This forms a part of my series: The Art of Fundraising.
This isn't a new term I thought up, it was used as far back as 1987, though it's probably worth spending some time trying to re-define it, as this will help you figure out what kind of financing you need; debt or equity. We'll get to that later, but for now let's just understand the difference between Equity Business & Lifestyle Business (for want of a better phrase), for this will determine your definition of success. I'll start with lifestyle business, and you can conclude whether the anti-thesis of this is an equity business.
A Lifestyle Business
A Lifestyle Business, is where the founders are the key persons. I'm not saying these businesses are completely dependent on the founders, how ever they do play an important role, and hence the term ‘key person'. These businesses are driven by their founder's vision/passion and do not seek to grow beyond a particular point.
If it's generating sufficient income for the founders to have the ‘lifestyle' they want and provides the right balance of personal freedom, in terms of financial and time management, they're happy. They're not really focused on scaling, because scaling and growing-too-big-too-fast comes with its own problems. They're cash flow businesses, or at least cash flow positive focused or even better cash cows!
The lifestyle business founders also maintain sufficient control and don't have to report to anyone about how they're doing (they like to be their own boss), they don't worry about hiring too many employees… in most cases they're private and have no intention of going public. The smarter founders will probably ensure that things can run without them, so these businesses become funding vehicles for the founders, so they can have their ‘travel around the world', ‘paid paid vacations', fancy cars, yachts, houses etc in short a desired ‘lifestyle' or at least a ‘desired quality of life'. (This probably explains why ‘lifestyle' comes before ‘business' in the phrase).
But at the end of the day, those founders still add the creative spark and drive that keeps the business going. I like to think of a good lifestyle business as a Ferrari, you know you can get more out of it by hitting the gas, but you're happy just cruising around in something that is cool for you!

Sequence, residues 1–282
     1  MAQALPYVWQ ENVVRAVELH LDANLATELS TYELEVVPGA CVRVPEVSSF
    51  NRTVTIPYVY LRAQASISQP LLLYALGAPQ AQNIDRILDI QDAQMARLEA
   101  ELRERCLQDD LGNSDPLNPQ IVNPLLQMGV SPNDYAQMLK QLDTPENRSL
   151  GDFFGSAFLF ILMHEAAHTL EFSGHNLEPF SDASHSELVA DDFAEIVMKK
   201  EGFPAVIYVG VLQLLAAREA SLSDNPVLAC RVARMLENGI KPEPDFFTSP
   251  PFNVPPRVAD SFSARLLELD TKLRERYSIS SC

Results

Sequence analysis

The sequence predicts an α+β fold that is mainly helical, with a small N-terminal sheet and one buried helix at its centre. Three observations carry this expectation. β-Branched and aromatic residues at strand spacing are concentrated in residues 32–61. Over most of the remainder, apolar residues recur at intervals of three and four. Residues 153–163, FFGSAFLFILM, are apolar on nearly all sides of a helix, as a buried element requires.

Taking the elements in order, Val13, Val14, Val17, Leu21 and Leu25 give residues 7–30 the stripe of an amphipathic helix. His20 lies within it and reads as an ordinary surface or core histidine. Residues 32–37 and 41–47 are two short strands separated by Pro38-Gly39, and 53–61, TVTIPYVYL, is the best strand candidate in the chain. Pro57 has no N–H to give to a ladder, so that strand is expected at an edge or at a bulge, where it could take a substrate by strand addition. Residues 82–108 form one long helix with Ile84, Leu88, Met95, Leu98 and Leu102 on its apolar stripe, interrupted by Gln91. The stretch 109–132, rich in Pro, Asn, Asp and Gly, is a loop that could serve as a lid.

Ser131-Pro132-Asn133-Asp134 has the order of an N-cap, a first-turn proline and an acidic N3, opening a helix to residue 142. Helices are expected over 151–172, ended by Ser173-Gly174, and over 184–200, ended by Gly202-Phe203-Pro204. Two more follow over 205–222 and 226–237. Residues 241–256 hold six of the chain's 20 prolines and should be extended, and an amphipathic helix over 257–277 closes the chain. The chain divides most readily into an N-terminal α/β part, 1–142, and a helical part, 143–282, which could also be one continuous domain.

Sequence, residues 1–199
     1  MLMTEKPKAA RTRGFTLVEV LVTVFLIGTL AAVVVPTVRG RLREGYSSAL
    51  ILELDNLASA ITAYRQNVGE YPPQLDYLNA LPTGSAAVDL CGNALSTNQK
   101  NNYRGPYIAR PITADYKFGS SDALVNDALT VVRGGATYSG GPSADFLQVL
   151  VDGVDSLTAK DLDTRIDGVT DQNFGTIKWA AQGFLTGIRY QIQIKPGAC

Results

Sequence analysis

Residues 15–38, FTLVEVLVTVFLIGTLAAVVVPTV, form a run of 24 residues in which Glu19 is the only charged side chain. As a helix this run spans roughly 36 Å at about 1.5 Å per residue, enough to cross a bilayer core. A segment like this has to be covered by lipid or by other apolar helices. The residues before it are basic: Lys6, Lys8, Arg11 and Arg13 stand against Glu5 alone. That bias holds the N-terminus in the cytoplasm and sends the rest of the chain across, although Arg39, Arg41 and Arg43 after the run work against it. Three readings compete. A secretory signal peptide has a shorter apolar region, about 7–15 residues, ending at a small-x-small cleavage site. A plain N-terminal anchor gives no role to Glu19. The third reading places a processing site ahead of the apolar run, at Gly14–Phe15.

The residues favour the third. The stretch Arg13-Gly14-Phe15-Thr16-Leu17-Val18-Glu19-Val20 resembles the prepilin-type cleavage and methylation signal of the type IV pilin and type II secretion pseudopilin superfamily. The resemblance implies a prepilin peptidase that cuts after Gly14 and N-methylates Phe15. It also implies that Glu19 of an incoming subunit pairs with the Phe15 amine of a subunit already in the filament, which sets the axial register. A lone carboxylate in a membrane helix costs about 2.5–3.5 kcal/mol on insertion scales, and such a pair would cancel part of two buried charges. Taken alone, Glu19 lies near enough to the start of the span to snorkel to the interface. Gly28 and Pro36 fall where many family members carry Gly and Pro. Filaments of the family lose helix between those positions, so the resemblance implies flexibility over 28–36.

If you identify yourself as a lifestyle business owner / founder / entrepreneur. Don't waste time going for venture capital or private equity. Bootstrap. You might do better taking on a little debt (thought I'm totally against that) to spark that highly torqued engine.
An Equity Business
An Equity Business, is where the founders are focused on building assets that are scalable and that can be sold and/or bought (using equity) or at least equate the tangible assets with equity, which is inherently risky as the value of the equity can go up as well as down based on the growth of the business.
The equity business founders put in place business systems that help the business run without them. In short, they could be serial entrepreneurs who like to start a business, grow them and sell them either in part or fully, at one point in time. Their thought process is to have a large share of the small pie and grow the pie to have a smaller share of the larger pie (and in some cases, a larger share of a larger pie, but who's counting).
Success for equity business owners / founders / entrepreneurs is funding for growth, sale of their equity and exit. They give up a certain amount of control (in some cases all of it). I like to call these equity businesses ‘buyer ready' businesses.
P.S. I'm not differentiating either business types as real vs non-real, that's just not fair. Both are businesses in their own rights. Period. But, what happens when the founders retire or die? Does the business come to an end? Is that what defines a ‘real' business, i.e. it can continue as a going concern, without a visionary founder / leader? Can you define a lifestyle business by number of employees or revenue? Is/Was Apple a lifestyle business? What about Accenture, 37 Signals or Renaissance Technologies?